Second Vice President Mohammad Sarwar Danish on Tuesday said that the revision of the Bilateral Security Agreement (BSA) between Afghanistan and the US is against the national interests of Afghanistan.
He said that members of parliament should not undermine Afghanistan’s national interests in pursuit of their political differences.
But, some MPs have defied government’s support of the BSA and accuse the US of having failed to abide by the key articles included in the BSA.
“The Wolesi Jirga of Afghanistan (the Lower House of Parliament) approves Afghanistan’s national budget. It is fully aware of the country’s economic and security capacities and vacuums. It is very unlikely that they undermine the country’s national interests for their political rivalries,” said Danish. “Our political leaders should not act in a manner as we saw in the history that we move towards backsliding.”
“If some items of the treaty have been left unimplementable, the Afghan government can ask the United States to act upon those items so that we can witness more progress in areas such as the war against the Taliban and Daesh in Afghanistan,” said Mohammad Abdu, an MP.
Chief Executive Officer Abdullah Abdullah on Monday said some politicians were pushing for the review of the Bilateral Security Agreement (BSA) between Afghanistan and the US in pursuit of their own interests.
“They once again brought it up for debate for their personal objectives, I don’t think that this will help the security situation of our country,” said Abdullah.
But, Abdul Rauf Ibrahimi, speaker of the Afghan Wolesi Jirga (Lower House of Parliament) has said that the call by lawmakers to review the security agreement with the US is in a bid to resolve the ongoing security crisis in Afghanistan.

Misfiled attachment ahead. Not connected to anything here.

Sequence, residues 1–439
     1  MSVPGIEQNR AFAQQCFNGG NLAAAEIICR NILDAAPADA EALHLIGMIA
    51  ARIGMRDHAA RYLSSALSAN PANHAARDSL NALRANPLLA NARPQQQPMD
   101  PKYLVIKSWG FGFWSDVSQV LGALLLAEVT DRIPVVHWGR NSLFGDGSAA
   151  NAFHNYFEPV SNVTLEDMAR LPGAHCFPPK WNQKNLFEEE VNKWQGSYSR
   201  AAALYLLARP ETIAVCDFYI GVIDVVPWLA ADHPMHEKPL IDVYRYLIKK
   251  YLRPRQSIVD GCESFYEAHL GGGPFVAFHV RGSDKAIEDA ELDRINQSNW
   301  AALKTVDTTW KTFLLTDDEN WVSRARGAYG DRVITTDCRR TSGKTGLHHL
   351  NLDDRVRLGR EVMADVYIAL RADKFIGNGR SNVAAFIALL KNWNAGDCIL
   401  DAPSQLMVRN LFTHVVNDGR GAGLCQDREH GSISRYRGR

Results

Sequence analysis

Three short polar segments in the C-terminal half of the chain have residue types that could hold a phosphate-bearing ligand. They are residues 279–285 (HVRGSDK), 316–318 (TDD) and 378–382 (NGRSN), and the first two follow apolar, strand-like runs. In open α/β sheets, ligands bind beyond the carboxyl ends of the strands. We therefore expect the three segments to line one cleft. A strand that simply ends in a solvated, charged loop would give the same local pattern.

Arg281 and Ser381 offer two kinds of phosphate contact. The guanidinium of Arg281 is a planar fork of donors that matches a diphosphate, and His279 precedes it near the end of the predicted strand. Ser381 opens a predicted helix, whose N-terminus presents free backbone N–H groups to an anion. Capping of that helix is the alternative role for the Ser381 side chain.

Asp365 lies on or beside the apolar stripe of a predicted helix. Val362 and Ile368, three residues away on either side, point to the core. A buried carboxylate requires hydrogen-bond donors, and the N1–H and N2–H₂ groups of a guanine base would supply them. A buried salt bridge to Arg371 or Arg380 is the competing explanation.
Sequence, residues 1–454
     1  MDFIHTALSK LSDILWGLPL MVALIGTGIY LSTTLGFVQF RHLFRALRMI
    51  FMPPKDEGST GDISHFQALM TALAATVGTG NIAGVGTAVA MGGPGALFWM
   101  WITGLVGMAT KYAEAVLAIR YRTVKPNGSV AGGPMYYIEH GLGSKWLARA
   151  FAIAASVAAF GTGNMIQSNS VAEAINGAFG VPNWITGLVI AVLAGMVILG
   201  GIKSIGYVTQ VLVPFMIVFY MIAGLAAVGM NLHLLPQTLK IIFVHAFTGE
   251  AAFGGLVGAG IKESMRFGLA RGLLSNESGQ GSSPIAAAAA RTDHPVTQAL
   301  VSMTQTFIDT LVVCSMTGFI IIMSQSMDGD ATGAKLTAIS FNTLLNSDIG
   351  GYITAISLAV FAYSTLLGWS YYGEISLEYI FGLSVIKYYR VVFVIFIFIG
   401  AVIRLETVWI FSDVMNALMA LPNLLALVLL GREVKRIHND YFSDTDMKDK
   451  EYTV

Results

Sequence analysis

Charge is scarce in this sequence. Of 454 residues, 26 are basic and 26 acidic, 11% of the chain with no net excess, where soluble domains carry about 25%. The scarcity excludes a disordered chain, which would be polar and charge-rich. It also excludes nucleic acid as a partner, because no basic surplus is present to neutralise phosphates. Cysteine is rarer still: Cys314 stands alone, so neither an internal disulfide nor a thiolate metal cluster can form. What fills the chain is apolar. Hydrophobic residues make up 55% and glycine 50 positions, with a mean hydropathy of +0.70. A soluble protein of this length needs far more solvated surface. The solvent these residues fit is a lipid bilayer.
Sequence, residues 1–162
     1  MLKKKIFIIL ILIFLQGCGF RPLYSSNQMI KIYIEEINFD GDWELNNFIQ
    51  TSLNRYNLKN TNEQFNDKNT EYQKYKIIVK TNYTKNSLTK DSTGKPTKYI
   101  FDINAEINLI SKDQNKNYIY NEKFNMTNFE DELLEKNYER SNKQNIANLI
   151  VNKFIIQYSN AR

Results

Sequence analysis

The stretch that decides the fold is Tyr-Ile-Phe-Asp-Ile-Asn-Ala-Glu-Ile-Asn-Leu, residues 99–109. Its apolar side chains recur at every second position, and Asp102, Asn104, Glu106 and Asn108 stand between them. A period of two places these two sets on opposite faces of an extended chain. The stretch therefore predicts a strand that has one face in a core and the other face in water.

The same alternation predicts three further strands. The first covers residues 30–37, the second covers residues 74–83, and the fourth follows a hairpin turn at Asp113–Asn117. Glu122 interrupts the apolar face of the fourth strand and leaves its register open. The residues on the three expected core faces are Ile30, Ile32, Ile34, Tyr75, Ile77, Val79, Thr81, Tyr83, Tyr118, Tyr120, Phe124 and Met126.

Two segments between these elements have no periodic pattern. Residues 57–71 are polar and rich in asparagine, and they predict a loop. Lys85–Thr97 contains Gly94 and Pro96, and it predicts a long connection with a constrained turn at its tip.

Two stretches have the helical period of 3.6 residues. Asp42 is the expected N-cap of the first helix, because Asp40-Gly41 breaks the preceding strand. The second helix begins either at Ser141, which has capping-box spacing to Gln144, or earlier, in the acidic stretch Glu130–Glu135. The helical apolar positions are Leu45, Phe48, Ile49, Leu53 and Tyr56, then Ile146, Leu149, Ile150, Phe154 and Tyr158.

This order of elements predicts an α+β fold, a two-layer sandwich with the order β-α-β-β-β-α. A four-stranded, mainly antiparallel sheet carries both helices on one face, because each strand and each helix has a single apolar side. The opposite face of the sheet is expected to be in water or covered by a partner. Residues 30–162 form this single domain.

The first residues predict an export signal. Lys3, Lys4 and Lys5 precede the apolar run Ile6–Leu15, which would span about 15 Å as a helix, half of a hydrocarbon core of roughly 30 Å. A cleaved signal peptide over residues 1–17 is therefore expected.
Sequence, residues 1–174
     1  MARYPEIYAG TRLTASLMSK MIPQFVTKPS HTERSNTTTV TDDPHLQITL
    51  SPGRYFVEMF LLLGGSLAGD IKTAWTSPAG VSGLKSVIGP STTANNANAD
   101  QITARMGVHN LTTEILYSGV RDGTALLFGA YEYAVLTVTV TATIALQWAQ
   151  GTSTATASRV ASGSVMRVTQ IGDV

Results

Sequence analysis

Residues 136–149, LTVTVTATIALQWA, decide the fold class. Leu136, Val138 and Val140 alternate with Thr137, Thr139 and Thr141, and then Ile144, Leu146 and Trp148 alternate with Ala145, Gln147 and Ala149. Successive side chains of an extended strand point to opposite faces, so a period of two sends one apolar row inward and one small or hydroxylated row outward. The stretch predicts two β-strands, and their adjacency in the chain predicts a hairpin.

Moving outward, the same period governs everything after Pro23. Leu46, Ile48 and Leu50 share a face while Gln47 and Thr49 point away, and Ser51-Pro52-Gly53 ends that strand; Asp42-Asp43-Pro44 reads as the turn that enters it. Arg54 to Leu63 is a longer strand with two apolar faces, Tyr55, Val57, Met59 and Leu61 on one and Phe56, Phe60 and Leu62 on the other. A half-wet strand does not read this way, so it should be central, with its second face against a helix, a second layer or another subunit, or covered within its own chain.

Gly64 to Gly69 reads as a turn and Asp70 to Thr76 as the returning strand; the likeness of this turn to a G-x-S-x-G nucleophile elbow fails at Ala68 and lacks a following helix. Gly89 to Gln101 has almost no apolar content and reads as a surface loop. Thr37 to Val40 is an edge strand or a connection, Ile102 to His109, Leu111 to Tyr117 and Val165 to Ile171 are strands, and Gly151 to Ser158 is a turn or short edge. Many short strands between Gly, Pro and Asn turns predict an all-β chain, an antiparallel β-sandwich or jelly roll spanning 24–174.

“The calls to review the security agreement came in view of the security situation in Afghanistan and the sacrifices we render on a daily basis and because of the security of the Afghan people,” Ibrahimi said.
This comes after Afghan politicians and leaders of a number of political movements this week gathered in Kabul where they discussed Afghanistan’s ongoing political and security situation with a special focus on the issue of peace and the Bilateral Security Agreement (BSA) signed between Afghanistan and the United States.
This agreement has allowed thousands of US soldiers to remain in the country after 2014 and it has paid the salaries of all Afghan National Defense and Security Force members.
In the wake of a sharp increase in fatalities among security forces in numerous provinces, MPs on Wednesday called for the BSA to be assessed. They said the agreement has not been successful in the fight against insurgency.
Among the main critics was Afghanistan’s former president Hamid Karzai who proposed the Afghan government review the security agreement with the US.
The BSA was initially supposed to be signed by the Karzai administration. But Karzai stunned top US officials and many of his own security officials and the Afghans in general by refusing to sign the agreement. He said that the US first needed to restore peace in Afghanistan before he would sign the pact.
Karzai said that the US had to prove its good intentions by keeping its soldiers out of Afghan homes and promoting peace talks with the Taliban.
Back in 2014, the National Unity Government (NUG) under President Ashraf Ghani and Chief Executive Officer Abdullah Abdullah concluded the crucial Bilateral Security Agreement (BSA) with the US and Status of Forces Agreement (SOFA) with NATO, paving the way for about 12,000 foreign forces to remain in Afghanistan post-2014.